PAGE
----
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Author Topic: where do I connect the ammeter?  (Read 2589 times)

red181

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where do I connect the ammeter?
« on: April 14, 2008, 02:33:46 PM »

Hi all. I have a problem with short run times on nimh batteries, and want to measure the amp draw from the graupner 700bb turbo motor,(12.5amp  at max efficiency) and experiment with different props (currently using 35mm s blade plastic). I want to try a 3 blade, different sizes and pitches etc, to get the balance between speed and run time, before I invest in new nimh packs.

I was going to attach my (cheap!) digital voltmeter, which has a 20 amp limit across the motor terminals, but I have been told it needs to go between the motor and esc. Can someone please confirm?

Thanks
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boatmadman

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Re: where do I connect the ammeter?
« Reply #1 on: April 14, 2008, 03:22:52 PM »

Hi,

Essentially, yes. What you need to do is connect the negative terminal of the meter to the positive terminal on the motor, then coonect the meter positive to the esc positive outlet to motor, turn on meter, run motor and bingo!

Ian
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Bunkerbarge

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Re: where do I connect the ammeter?
« Reply #2 on: April 14, 2008, 03:40:52 PM »

Basically you measure voltage across the load, i.e. in parallel with it but you measure current in line with the load, i.e. in series with it. 

The best place as Boatmadman suggests is between the positive terminal of the motor and what ever type of speed control device is supplying it.

Don't forget that the actual current in the water under load is what you are after so putting the hull in the bath will ony give you a current under partial load.  The propeller could even be cavitating at full speed and your current could drop off considerably.  You need to try your best to emulate normal operating conditions somehow.  One possible way is to stick it in the bath and make a note of the current reading at different throttle settings.  If you notice it has dropped off at some point then it has probably started to cavitate but if you continue the line of the graph you are able to draw from your figures the real current should be somewhere along the line corresponding to the maximum throttle position.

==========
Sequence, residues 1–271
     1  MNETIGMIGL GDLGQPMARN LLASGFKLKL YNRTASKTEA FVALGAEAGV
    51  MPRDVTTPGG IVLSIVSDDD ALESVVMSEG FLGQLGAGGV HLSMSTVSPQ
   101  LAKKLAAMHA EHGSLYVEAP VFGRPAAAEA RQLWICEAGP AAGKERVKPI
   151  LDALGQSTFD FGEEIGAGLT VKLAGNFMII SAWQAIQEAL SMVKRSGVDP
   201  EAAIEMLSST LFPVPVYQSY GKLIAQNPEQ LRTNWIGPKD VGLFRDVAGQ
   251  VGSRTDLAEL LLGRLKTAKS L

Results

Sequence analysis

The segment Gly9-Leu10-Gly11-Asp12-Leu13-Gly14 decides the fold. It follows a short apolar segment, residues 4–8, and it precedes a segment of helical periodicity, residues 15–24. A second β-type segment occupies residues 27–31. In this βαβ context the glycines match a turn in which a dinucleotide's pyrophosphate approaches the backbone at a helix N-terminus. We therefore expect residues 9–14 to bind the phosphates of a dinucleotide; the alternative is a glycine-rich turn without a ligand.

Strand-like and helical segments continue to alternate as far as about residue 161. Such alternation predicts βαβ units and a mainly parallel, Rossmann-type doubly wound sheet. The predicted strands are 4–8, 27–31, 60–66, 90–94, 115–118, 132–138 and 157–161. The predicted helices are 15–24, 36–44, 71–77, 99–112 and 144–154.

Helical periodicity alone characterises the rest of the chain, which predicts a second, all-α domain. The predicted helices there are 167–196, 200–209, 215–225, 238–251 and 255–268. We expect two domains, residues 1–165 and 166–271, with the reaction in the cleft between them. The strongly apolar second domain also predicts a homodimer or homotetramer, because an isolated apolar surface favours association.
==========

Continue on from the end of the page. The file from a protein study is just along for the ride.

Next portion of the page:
The best way though (which very few people do so don't worry about it!) is to put an ammeter in line of the type that measures the maximum reading rather than a contunuous one.  Stick your boat on the pond and do a circuit and see what the meter reads as a maximum current.
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FullLeatherJacket

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Re: where do I connect the ammeter?
« Reply #3 on: April 14, 2008, 04:34:25 PM »

The best way though (which very few people do so don't worry about it!) is to put an ammeter in line of the type that measures the maximum reading rather than a continuous one.  Stick your boat on the pond and do a circuit and see what the meter reads as a maximum current.
Richard
Do you know where I might get my hands on such a beast without paying alimony-sized amounts (again..... :'()?
About 50A peak should do the trick.
FLJ
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nightowl2912

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FullLeatherJacket

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Re: where do I connect the ammeter?
« Reply #6 on: April 14, 2008, 10:26:32 PM »

Thanks, Andy. I shall make further enquiries.
FLJ
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wombat

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Re: where do I connect the ammeter?
« Reply #7 on: April 14, 2008, 10:34:12 PM »

Don't rely on the reading, especially if it is a cheap meter - the burden of the meter will affect the voltage across the load and hence the current - they are only really intended for mains voltage use

Wom
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Bunkerbarge

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Re: where do I connect the ammeter?
« Reply #8 on: April 14, 2008, 10:56:04 PM »